Stress. The Oxford dictionary defines it as “pressure or tension exerted on a material object”. That, of course, is the physical definition. Which, in a physiological context of weight training for example, is desired; stressing a muscle, through training, to experience growth. Conversely, the same can’t be said of the psychological definition.
Just reading by the word, most people will immediately think of the emotional and mental pressures associated with it. At a time where the world is connected more than ever, access to our work is constant (if we choose it), and the lines are blurred like never before, we end up working all hours of the day and night, the impact this is having on the general population is compounding.
What it is, how it manifests and how it impacts our daily lives is well documented; the questions I’d like to pose however, are what do each of us do as individuals, and what do each of us do as employers, to ensure stress is managed in a proactive and supportive manner? Investing in people was the topic of one of our recent white papers, I, however, I am looking at this through a slightly different lens.
Mental health related illnesses on the rise
Medical provisions are ever evolving, wellbeing is on everyone’s radar, and according to the Office for National Statistics in the UK, the average days lost to illness, per worker, were in 2017 at their lowest (4.1) on record. Comparatively, people were missing 7.2 days of work per year due to illness, in 1993.
However, according to the same source, mental health related illnesses are at their highest point ever and are THE prime reason for someone being off work. Of 26.8 million sickness days in the UK, those related to stress, anxiety and depression accounted for 15.4 million; which is a 25% rise on 2 years previous. According to the Money and Mental Health Policy Institute, a total of 2.3 million people in the UK are experiencing mental health related conditions, which impact the amount of paid work they can undertake. Of a working population of 33.2 million, almost 10% feel the financial impact of stress and other mental health related conditions. How many others are either brushing their worries under the carpet or suffering in silence?
‘Always on’ culture is taking its toll
The statistics above beg a number of questions. Are we all indeed, more stressed than ever? Is this hyper-connected world, 24h email culture, extensive travel and challenging targets at work, taking such a toll? Or, after colossal efforts in the form of campaigns and raising awareness about stress and mental health, more people disclosing their struggles with stress and anxiety? Are more people happy to disclose their health issues are mental, rather than physical? Do more people accept being signed off work by a doctor for stress, rather than a ‘virus’?
Stress management is a two-way street. Ownership and responsibility falls equally on us as individuals, as it does on us as employers. Below are 6 techniques, outlined by the American Psychological Association, for both employees and employers, in order to minimise the impact stress has on our working and personal lives.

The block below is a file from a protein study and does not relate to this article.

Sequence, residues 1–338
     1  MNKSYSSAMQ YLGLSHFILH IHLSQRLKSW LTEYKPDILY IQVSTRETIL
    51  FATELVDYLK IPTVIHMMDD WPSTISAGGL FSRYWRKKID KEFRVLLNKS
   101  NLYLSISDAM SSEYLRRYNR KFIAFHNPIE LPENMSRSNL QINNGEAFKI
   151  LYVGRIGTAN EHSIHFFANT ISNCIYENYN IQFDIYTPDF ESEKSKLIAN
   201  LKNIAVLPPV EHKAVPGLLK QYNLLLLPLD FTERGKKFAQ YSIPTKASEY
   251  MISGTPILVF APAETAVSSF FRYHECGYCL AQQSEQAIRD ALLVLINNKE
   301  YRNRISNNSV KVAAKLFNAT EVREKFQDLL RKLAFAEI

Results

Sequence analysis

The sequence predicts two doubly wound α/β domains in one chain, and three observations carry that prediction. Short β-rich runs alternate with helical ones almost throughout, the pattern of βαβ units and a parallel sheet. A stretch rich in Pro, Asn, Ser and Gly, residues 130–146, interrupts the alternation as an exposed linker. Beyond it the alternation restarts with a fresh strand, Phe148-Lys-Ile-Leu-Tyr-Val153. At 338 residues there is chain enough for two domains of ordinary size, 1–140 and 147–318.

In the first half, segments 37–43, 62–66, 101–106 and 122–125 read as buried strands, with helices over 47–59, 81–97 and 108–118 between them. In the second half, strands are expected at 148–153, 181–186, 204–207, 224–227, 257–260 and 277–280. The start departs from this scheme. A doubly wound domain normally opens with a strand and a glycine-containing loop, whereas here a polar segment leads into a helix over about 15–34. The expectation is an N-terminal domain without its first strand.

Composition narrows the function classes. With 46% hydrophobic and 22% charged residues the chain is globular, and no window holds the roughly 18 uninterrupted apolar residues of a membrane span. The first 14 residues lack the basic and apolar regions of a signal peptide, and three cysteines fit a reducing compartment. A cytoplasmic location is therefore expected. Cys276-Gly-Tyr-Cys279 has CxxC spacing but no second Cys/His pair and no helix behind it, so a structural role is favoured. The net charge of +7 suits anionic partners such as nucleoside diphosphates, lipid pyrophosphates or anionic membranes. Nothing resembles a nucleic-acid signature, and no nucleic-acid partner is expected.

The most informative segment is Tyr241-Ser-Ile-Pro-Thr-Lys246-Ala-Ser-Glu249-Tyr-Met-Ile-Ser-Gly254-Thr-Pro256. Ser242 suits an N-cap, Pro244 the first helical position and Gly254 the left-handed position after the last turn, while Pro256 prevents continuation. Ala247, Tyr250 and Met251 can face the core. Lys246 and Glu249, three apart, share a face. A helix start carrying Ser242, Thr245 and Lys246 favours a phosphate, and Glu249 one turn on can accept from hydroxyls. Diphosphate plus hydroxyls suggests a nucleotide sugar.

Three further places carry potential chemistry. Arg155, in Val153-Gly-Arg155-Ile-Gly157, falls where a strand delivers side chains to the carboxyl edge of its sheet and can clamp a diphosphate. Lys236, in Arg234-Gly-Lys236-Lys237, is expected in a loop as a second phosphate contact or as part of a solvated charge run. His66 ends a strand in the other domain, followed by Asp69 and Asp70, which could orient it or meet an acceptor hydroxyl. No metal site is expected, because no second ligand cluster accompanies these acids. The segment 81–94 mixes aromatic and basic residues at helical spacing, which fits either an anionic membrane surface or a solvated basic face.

6 techniques for managing stress
Perhaps the key components of the points above, are communication and awareness. Being open in terms of how, as employees, we are feeling, whether we are under unmanageable pressure, and being able to communicate this openly, to those around us. As employers, taking time to check in with each of our employees, being aware of their situations both inside and outside of work, and being able to support them under the stressors they are faced with. A core component of company culture should be for each and every employee, from the CEO to the newest recruits, follow the techniques above and lead each other by example.
Make every day a mental health day
Despite what at times may seem like an unhealthy influx of technology in our lives, the fact of the matter is, it’s omnipresent in our lives. Personally, I’ve engaged with a handful of apps to practice mindfulness for example, or give myself a lift; some popular ones, for example, are Headspace, Calm, and Happy Not Perfect. Simply through engaging with these, you may find a balance; that said, app taste is personal and different things work for different people. I’ve certainly found these useful.
Additionally, being able to reframe how we think about performing and achieving within our work and personal lives, can have a significant influence on minimising the pressure we create for ourselves. Similarly, how employers talk to employees, focusing on achievement, rather than the avoidance of failure, is a key component in creating a healthy relationship with work targets.
My hope and desire for humankind would be, we actively work and support one another, to make every day a mental health day.
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